Producers Vipul Amrutlal Shah's Sunshine Pictures, Shibasish Sarkar's Reliance Entertainment and Motion Picture Capital's Commando 3 arouses about as much emotion as an early morning jog on a treadmill but the end result is simply not compelling enough.
Commando3 will undoubtedly change the action landscape of Bollywood, with Vidyut Jammwal partaking in never-witnessed-before action sequences, hand-to-hand combat, mid-air splits and somersaults but Darius Yarmil and Junaid Wasi's story is plain ordinary. The film does manage to catch you unaware with some interesting twists and turns and the first half also successfully manages to build the momentum with some really stylish action scenes thrown in but it's the film's disjointed second half that drags predictably, which mars the overall impact. Also, it will take some nerve to sit through the brutal, gory and graphic violence in Commando 3. But its biggest strength is, without an iota of doubt, the action sequences (Andy Long Stunt Team United Kingdom, Allan Amin and Dr. K Ravi Verma).
Darius Yarmil and Junaid Wasi's story uses cliché tropes and scenes replete with loaded patriotic dialogues, making Commando 3 a jingoistic affair. There are enough scenes involving the good Muslims to point out that the film is only against bad elements in any community. The screenplay lacks novelty, acting as a spoilsport. The weak script lands up making the film all style & no substance. There’s no denying the fact that the story is so stretched, even the high-octane action doesn’t keep you invested all through. The narrative of Commando 3 is implausible and tries to pack in so much that it loses grip and pace more often than not. The background score (Saurabh Bhalerao) attempts to elevate the drama but is often overbearing. Also the dialogues (Darius Yarmil and Junaid Wasi) are strictly okay. While the kicks, punches, back-flips, smooth landing and hand-to-hand combat scenes keep you hooked, the chest-thumping jingoism is annoying. Sadly, Commando 3 has nothing more to offer. The intermission point, though filmy and beaten to death, warrants attention.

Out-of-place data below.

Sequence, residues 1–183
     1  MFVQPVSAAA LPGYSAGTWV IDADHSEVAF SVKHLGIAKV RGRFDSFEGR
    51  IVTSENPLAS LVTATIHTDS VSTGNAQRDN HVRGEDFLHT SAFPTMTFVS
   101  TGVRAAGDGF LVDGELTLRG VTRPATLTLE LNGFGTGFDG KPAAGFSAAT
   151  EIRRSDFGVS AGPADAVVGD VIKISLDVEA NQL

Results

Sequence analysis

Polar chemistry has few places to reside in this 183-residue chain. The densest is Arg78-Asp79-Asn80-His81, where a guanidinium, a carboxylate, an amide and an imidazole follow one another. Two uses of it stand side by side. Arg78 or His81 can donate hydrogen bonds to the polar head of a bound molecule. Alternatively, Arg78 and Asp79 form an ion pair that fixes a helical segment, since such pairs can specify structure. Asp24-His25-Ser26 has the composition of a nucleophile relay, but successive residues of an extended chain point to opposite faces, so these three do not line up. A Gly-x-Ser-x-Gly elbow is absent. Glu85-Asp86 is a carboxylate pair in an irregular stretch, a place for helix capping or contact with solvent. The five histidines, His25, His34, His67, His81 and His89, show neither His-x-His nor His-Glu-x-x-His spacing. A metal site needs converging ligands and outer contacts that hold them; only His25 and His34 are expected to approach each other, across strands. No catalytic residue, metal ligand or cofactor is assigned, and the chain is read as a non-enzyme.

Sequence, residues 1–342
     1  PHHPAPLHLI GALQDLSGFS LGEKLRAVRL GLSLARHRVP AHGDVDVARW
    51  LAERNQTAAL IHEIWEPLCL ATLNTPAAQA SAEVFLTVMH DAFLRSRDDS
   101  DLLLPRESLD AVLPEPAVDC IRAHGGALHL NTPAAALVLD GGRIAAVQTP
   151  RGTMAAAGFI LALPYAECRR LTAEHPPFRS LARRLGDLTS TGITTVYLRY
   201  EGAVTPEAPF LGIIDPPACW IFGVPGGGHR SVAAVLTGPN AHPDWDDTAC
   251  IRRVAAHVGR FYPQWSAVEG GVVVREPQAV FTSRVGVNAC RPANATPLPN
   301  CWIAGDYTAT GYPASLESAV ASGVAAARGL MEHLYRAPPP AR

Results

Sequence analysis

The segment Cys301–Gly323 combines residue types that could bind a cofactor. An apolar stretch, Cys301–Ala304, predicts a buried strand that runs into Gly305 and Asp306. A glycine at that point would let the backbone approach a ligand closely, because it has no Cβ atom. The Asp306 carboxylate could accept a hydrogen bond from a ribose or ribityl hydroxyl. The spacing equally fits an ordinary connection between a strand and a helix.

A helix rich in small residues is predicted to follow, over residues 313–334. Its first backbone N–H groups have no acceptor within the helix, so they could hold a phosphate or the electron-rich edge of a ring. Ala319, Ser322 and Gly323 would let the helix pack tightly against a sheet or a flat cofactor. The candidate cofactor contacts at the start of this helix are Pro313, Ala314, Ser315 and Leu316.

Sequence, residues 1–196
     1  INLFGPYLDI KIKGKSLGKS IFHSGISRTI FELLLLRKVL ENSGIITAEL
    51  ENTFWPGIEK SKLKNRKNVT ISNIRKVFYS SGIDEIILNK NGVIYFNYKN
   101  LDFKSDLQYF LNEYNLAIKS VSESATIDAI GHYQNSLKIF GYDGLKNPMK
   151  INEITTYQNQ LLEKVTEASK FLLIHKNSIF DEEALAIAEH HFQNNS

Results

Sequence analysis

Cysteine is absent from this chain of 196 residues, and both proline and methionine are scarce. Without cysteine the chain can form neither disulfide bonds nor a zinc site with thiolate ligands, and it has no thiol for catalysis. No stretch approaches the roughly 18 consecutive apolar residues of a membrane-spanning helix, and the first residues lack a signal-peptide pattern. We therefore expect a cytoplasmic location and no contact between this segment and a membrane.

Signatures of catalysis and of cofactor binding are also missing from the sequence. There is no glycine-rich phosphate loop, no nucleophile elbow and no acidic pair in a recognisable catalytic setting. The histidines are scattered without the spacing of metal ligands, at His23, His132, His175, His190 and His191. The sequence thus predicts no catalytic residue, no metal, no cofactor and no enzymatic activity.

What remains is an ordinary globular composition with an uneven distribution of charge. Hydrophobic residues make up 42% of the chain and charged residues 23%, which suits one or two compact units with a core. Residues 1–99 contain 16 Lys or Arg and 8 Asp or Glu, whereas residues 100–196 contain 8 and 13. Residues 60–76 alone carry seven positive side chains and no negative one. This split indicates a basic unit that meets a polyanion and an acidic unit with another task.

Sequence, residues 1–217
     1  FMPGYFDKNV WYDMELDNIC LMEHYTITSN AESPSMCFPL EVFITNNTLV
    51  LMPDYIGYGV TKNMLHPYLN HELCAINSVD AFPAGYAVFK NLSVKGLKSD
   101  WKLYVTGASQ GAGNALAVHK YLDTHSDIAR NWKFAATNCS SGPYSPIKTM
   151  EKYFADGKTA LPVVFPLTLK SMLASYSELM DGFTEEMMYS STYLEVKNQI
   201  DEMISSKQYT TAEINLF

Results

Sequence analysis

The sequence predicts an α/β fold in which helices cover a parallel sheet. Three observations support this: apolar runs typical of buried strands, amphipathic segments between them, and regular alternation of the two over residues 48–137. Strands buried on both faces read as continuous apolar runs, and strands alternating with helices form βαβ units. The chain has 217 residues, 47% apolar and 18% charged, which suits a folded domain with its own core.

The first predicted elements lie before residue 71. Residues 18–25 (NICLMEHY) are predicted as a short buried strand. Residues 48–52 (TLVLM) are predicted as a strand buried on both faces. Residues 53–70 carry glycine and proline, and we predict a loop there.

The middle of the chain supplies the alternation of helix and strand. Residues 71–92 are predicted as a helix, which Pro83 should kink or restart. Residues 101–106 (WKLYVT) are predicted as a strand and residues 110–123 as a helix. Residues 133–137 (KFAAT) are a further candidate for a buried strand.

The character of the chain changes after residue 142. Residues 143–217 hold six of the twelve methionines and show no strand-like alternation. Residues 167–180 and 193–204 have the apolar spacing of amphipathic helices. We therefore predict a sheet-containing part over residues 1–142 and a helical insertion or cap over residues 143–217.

Director Aditya Datt goes overboard this time as he tries to pack as many emotions as possible in one film. Although he does garnish the action drama with romance and music but doesn’t quite succeed in integrating these well in the film. Average direction! The DoP (Mark Hamilton) is the behind-the-scene star of Commando 3. He deserves distinction marks for his camerawork, capturing the stunts with elan. The soundtrack (Vikram Montrose and Mannan Shaah) is good. Editing (Sandeep Kurup) could've been tighter.
Commando 3 clearly belongs to Vidyut Jammwal. The liberty of watching him crushing everything and everyone in sight leaves you tongue-tied. He's a fine actor too, but it's the action that takes precedence over histrionics here. His act will be greeted with whistles and claps, especially in the last 30 minutes. By doing the stunts without a body double or cables, he fits into the definition of India's Next Gen action hero without a hitch. The leading ladies get to kick butt, too, and both Adah Sharma and Angira Dhar seem to enjoy it. Adah Sharma's role has shades that are essential for a Hindi film heroine and gives it her best shot. Angira Dhar also comes across as a poised and self-assured actress. Gulshan Devaiah delivers an unparalleled performance, yet again in Commando 3. He's one of the finest talents around and even though he plays the conventional baddie, he will be recalled in the same breath as the protagonist of the film.
On the whole, Commando 3 is vintage good versus evil saga, which is high on breathtaking action but has a routine drama. With the story and the message that the director intended to convey, it could have been easily wrapped up in a crisp hour and a half. Thus, it would appeal only to its target audience.